In this nonlimiting example of FIG. 15, the CSP 190 is configured to recognize that the DMA offset 293 establishes draw command 4 as the point to resume processing. Draw command 4 may be comprised of multiple instances 295 of the draw command 4. More specifically, draw command 4 may include instances 0-5 that are executed sequentially. After instance 5 is processed, in this nonlimiting example, processing may then turn to draw command 5 in the DMA buffer structure 292, which, as with any draw command, may itself have multiple instances.

In reestablishing this context from run list 264, the CSP 190 discards all instances previously executed until matching the instance ID corresponding to the value stored at the previous interrupt. In this nonlimiting example, the instance ID 304 points to instance 4 of the multiple instances 295. Thus, the CSP 190 discards all instances 0-3 until reaching instance 4, for it is this logical position where the instance ID 304 matches.

Each instance of the multiple instances 295 contains one or more primitives, which may be sequenced, as shown in primitive structure 296. In this nonlimiting example, primitives 0-M may form an instance, which M is an integer. The interrupted draw command 4 in the DMA buffer structure 292 is processed by the CSP 190 until the primitive ID 311 matches the value corresponding to the point of prior interrupt, which was saved, as described above. In this nonlimiting example, the primitive ID 311 points to primitive 1, which means that the CSP 190 would skip primitive 0, as primitive 0 was processed prior to the previous interrupt.

Each primitive 0-M references one or more tiles, which may be processed for drawing triangle 298. In this nonlimiting example, primitive 2 may contain tiles 0-8 to construct triangle 298. Also in this nonlimiting example, the tile generator TG 226 will skip tiles 0-3 until reaching the tile ID 317 that references tile 4, thereby corresponding to the tile ID value stored in memory for the point where previously interrupted.

In this manner, the data structure depicted in FIG. 15 illustrates at least one method for restoring a graphics operation at the precise point where the operation may have been previously interrupted. By the CSP 190 skipping the draw commands, instances, primitives, and TG 226 skipping tiles until reaching the IDs corresponding to the values saved when the context was previously interrupted, processing can resume quickly at the correct point, thereby avoiding duplicative processing of previously processed data.

FIG. 16 is a flowchart diagram 252 of the process that the CSP 190 implements, in this nonlimiting example, when restoring a context. The diagram 252 of FIG. 16 includes steps 253, 256, and 258 of FIG. 11, but is also focused on the operation of precise context restoration.

In FIG. 16, in step 300 the CSP 190 fetches the restored context from the ring buffer, which may be ring buffer 265 of FIGS. 12 and 15. In so doing, the ring buffer 265 tile head pointer 206 is accessed so as to ascertain the precise context restart address or logical location in ring buffer 265. In the nonlimiting example of FIG. 15, the tile head pointer points to DMA command pointer 290.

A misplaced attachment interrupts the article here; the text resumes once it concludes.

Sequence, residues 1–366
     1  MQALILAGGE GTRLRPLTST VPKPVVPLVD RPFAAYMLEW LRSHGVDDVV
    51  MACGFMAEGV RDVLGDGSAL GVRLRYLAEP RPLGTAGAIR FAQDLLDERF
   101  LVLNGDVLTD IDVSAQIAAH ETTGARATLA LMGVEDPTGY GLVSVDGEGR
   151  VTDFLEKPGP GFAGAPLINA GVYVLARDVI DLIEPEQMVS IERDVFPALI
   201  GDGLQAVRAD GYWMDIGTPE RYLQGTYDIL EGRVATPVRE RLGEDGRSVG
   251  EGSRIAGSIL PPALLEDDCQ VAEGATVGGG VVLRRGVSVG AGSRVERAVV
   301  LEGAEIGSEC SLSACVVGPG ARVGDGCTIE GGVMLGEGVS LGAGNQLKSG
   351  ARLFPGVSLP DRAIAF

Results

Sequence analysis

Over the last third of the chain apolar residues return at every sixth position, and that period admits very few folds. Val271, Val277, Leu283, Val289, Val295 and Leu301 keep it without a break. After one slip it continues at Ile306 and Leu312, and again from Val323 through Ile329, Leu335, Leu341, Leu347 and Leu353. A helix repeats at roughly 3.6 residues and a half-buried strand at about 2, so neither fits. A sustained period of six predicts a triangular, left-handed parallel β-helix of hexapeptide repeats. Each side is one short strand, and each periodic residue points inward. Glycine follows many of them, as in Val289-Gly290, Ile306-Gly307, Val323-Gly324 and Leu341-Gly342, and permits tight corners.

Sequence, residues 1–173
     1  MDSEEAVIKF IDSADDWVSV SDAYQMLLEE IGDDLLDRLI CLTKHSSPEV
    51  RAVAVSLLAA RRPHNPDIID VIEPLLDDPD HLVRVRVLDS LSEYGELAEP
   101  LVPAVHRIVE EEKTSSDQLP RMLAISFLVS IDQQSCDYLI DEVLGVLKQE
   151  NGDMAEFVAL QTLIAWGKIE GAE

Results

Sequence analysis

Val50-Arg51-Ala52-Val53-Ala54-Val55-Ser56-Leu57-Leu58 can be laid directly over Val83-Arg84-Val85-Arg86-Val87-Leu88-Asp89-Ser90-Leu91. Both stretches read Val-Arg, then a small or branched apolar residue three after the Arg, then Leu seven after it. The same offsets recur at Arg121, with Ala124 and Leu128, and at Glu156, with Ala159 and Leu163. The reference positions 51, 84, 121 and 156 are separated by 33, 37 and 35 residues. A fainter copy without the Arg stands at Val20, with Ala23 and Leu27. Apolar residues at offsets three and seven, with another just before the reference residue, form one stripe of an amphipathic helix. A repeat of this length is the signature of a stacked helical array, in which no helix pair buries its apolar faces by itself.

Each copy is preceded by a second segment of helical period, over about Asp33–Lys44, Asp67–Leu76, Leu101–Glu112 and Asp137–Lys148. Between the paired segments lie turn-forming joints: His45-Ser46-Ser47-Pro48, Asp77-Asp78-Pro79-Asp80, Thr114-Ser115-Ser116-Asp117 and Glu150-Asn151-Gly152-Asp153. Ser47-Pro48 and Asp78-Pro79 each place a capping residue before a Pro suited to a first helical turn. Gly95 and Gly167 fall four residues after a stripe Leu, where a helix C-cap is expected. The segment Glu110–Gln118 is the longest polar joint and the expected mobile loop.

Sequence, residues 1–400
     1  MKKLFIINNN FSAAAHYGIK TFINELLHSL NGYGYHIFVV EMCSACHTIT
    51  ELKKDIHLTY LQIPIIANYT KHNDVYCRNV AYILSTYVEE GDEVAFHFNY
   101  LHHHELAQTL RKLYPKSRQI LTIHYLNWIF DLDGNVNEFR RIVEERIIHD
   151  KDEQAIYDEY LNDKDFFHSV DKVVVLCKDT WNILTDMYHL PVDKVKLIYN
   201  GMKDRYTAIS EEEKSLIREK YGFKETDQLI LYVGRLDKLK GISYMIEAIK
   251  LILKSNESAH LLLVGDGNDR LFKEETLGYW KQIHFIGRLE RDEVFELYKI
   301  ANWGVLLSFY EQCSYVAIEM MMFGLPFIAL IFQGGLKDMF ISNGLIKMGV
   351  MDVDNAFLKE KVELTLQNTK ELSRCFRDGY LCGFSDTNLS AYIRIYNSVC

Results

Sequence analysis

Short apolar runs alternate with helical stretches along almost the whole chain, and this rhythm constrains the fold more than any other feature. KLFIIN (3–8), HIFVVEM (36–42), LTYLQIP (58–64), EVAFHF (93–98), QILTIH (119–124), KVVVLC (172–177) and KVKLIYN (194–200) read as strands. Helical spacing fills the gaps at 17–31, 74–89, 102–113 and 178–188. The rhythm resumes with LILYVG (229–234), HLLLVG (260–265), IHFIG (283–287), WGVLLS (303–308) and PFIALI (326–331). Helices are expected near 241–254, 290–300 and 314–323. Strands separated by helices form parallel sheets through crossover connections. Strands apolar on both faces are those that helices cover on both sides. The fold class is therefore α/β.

Continuing to step 304, the CSP 190 processes the DMA command, as similarly described above, and operates to match the DMA offset 293 (also in FIG. 15) to the correct draw command in the DMA buffer structure 292 (FIG. 15). Upon identifying the precise draw command, which in the nonlimiting example of FIG. 15 is draw command 4, the CSP 190 moves to step 307 and matches the instance ID 309 and the primitive ID 311, as discussed above. In making these matches, the CSP 190 identifies the precise triangle where processing was previously interrupted.

At that point, the CSP 190 may identify the precise tile ID 317 where prior processing was interrupted so that the tile generator 226 (FIG. 10) may finish processing the triangle, as shown in step 315. After this precise DMA command, draw command, instance ID, primitive ID, and tile ID are identified, the context can be fully restored in the 3D pipeline 176 as if it had not previously been interrupted, that is, in at least one nonlimiting example.

In instances where a triangle may have been partially processed when previously interrupted due to a context change, a triangle ID may be forwarded to the TSU 214. Individual triangles within a draw primitive (having a single primitive ID) may have unique triangle IDs, some of which may have been processed in whole or in part at the time the context was previously interrupted. In this instance, a tessellated triangle ID 313, which may be generated by an execution unit, may be forwarded to the TSU 214 for resuming processing operations on this partially processed primitive, as shown in step 319 of FIG. 16. The result is that a precise triangle is forwarded to the tile generator 226 that may be matched to a corresponding tile ID, as discussed above. So regardless of whether a primitive has been previously tessellated or not, the resumption of processing of a previously interrupted context can be seamless and precise.